Jurassic Park

Third-time feature filmmaker Colin Trevorrow relies on solid thrills and an excellent set of CGI-dinos, keeping the film reasonably enjoyable.
By Husam Jayyusi on June 11, 2015

Filmmaker Colin Trevorrow‘s “Jurassic World” stars Bryce Dallas Howard (“The Village,” 2004) and Chris Pratt (“Guardians of the Galaxy,” 2014). 22 years after Steven Spielberg’s “Jurassic Park,” the titular ‘park’ has been renovated into a theme park of the same name, but it isn’t attracting enough visitors. So to make things interesting, the suits decide to fast-track the development of the Indominus Rex, a faster and more robust version of the T-Rex. The new Rex escapes, and everyone’s now in danger, putting operations manager Claire (Howard) in charge of damage control.

It’s exactly what you thought it would be.

I was never a huge fan of “Jurassic Park” aside from its technical innovation and proficiency and the foundations for what we’ve come to expect from a “bums in seats” summer release. That being said, “Jurassic World” has a much easier job. It doesn’t as much have to contend with the original as it does to focus on eradicating the horrendous sequels that preceded it. Within those parameters, Trevorrow’s film does its job quite well. 

Did the film need to be made? Arguably. It doesn’t excel in any specific area and isn’t exceptional in any particular way. The set pieces, as predicted, are excellent and, to be honest, the real reason anyone is watching the film. If you’re expecting Oscar-caliber writing and performances, save your money. The structure is solid and moves well towards a climactic finale, which is silly at times but not worth complaining about. The CGI is often overblown, but the dinosaurs look as good as they did in the original, a testament to how the original has stood the test of time.

Colin Trevorrow’s direction is solid, if not spectacular. He may not be in the mold of the top action directors working today, but he appears to be in control without letting the film run sloppily. He is clearly a fan, though with many homages to the original and—less visibly—Hitchcock. The writing by Trevorrow and Rick Jaffa is simple and to the point, which isn’t always a compliment—it ticks the genre’s go-to narrative arcs—but delivers on thrills and action. The music by Michael Giacchino builds on the previous work of John Williams, and the use of the original theme is a welcomed touch.

As we all know to whom center stage belongs, I’ll call the ‘leads’ in the film the supporting cast. Everyone seems to be enjoying Chris Pratt and his meteoric rise. Still, I feel he is on the road to Seth Rogen’s typecast syndrome. From “Parks & Recreation” to “Jurassic World,” he is a cut-and-paste character in most of his appearances. This devalues his performance here to my liking. For fans of Chris’s onscreen style, though, he is as reliable as ever. 

Jurassic World - Still
Guardians of the T-Rexy // (Left-right) Bryce Dallas Howard, Chris Pratt, Nick Robinson, and Ty Simpkins in a still from Colin Trevorrow’s Jurassic World, a Universal Pictures film.

The actual acting talent on display is the ridiculously underrated Bryce Dallas Howard. Luckily the clip famously bashed by “Avengers” (2012) helmer Joss Whedon was just a mistimed flash in the pan. Dallas Howard isn’t simply feminine fodder but the heart of Jurassic World. Her transformative character arc is delivered brilliantly. She starts the film off as the corporate antagonist, then sets along a road to redemption. It’s a pleasure watching her work. Both actors build a solid foundation for the franchise to move forward.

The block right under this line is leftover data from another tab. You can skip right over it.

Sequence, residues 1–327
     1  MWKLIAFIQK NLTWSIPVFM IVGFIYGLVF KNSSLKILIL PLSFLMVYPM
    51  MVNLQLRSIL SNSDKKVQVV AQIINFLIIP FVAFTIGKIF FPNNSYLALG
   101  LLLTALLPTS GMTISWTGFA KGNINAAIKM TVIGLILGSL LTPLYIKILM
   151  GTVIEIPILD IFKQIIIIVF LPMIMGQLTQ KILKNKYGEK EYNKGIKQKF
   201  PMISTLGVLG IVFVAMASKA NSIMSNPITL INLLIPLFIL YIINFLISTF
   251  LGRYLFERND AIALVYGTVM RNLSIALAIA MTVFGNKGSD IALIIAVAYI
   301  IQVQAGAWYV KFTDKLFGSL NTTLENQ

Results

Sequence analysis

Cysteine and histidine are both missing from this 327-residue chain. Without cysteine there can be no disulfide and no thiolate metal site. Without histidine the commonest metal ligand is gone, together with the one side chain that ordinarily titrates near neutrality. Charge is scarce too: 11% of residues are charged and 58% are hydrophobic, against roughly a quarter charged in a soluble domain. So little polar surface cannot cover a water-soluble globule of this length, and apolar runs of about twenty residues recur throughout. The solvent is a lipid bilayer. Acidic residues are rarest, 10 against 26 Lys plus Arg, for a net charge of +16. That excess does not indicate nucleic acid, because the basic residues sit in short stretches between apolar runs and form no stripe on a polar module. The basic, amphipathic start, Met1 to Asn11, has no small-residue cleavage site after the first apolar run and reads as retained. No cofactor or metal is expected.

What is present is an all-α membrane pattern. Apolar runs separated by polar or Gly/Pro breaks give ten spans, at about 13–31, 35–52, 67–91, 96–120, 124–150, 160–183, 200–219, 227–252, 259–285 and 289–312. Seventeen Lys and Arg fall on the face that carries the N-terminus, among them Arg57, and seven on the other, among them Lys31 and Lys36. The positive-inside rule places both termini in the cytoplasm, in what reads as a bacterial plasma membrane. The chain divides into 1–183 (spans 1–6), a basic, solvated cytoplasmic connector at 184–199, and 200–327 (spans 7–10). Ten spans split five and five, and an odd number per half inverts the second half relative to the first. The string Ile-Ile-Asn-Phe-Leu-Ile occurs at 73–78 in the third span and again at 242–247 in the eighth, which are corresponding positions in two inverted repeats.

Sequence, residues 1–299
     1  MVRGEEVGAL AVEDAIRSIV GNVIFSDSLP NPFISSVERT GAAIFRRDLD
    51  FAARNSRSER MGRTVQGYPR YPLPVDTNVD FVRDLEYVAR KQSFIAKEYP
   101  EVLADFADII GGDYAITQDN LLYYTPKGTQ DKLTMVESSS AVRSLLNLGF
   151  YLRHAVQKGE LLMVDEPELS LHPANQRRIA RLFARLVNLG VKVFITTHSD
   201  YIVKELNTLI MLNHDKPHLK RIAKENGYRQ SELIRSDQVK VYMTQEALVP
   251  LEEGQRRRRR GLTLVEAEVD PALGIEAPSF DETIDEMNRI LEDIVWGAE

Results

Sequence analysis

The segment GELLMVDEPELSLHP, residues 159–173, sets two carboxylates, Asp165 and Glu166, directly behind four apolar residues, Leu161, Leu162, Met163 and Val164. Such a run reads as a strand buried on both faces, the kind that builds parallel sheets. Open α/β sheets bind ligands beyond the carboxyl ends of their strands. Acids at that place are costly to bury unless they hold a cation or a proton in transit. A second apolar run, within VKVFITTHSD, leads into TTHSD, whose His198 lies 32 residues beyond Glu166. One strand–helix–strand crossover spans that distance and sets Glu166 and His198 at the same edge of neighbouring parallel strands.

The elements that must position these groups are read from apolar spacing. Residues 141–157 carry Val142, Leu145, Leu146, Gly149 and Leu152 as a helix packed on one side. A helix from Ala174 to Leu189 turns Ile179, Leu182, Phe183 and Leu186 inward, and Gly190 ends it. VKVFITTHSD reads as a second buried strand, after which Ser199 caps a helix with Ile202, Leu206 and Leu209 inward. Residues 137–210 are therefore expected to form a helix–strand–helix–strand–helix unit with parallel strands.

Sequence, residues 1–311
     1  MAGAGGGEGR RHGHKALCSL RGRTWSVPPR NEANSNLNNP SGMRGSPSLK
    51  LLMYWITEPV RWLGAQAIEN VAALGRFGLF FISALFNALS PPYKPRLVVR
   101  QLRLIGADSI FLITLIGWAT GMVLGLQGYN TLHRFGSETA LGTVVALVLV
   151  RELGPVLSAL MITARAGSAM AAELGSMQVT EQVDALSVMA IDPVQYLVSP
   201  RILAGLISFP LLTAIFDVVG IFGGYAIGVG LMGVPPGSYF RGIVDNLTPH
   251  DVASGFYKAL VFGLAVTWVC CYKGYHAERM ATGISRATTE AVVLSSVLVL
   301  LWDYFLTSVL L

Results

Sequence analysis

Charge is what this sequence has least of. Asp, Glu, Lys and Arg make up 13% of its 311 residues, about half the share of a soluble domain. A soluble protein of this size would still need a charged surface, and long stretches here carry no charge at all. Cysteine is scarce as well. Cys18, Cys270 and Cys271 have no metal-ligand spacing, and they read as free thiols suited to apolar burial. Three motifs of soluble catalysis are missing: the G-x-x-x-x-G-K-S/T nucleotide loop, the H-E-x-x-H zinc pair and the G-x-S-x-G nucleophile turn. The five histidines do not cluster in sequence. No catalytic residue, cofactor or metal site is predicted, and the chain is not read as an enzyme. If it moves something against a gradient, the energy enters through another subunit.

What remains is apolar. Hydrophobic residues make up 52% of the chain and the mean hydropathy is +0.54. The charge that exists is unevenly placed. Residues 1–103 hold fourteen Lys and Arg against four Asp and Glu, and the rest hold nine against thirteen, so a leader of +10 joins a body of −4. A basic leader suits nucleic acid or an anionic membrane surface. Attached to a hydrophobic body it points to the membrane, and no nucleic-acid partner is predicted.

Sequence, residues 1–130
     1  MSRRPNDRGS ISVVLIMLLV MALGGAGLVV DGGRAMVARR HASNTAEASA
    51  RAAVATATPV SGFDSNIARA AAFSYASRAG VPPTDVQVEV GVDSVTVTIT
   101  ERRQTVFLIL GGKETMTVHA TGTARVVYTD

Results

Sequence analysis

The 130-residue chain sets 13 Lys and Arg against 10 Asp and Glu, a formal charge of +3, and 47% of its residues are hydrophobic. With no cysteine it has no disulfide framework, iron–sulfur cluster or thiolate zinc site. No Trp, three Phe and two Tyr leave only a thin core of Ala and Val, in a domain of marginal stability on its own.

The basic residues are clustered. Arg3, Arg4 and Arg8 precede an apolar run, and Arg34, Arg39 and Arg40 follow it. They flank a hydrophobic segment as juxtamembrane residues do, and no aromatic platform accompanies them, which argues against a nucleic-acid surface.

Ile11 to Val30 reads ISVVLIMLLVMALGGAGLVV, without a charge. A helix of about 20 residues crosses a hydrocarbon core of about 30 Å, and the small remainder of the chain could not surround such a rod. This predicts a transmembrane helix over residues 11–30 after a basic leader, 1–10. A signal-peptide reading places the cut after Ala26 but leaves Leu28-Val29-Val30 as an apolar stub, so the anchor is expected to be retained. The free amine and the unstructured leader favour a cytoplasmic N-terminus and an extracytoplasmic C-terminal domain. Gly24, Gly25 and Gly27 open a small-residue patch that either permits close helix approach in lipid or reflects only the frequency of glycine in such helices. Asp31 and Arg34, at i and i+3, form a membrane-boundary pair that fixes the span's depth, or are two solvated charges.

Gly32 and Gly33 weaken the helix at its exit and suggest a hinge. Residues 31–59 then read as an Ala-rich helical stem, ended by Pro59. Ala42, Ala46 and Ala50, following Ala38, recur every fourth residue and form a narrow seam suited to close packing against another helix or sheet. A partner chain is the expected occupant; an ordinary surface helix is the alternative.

Characters that are never molded or developed into anything worth remembering round up the rest of the cast. Seasoned performers such as Judy Greer (“Men, Women & Children,” 2014) and Vincent D’Onofrio (“The Judge,” 2014) are simply filler. This is something forthcoming sequels will need to improve with writing and possibly better casting. We’ll call them Dino Chum for now. 

The weakness, which indeed pegs the film back, is in the narrative. It provides no surprises and never deviates from the direction every audience member is expecting it to take. It’s laid out in a very Film-101 narrative structure—human f@#cks with nature, chaos, villains rise, heroes rise, climactic battle, credits, rest-stop, drive home. You crave the intelligence the film thinks it has but fails to demonstrate at any point.

If successful, “Jurassic World” could arguably be to the current young generation of filmgoers what “Star Wars” was to the former, and I say that in the loosest context possible. The franchise could be successful if it continues on this predictable yet solid road. It is undoubtedly a fun summer blockbuster with newcomers and fans excited to see dinosaurs again on the big screen. It evolves in quality from the previous two sequels. It efficiently combines a solid mix of good photography, special effects, and character work. Better writing and a well-rounded supporting cast can do wonders for this franchise in the years to come.

Unlike its predecessors, “Jurassic World” is a surprisingly rejuvenating adrenaline shot for the series. It relies on solid thrills and an excellently created leading cast of CGI dinos to keep everyone entertained. However, for the skeptics, if you enjoyed the original, you’ll enjoy “Jurassic World” simply because the original is flanked by the same positives and negatives surrounding this film. In essence, if your friends or fellow critics hated this film, they should hate the original too; otherwise, they would just be contradicting themselves.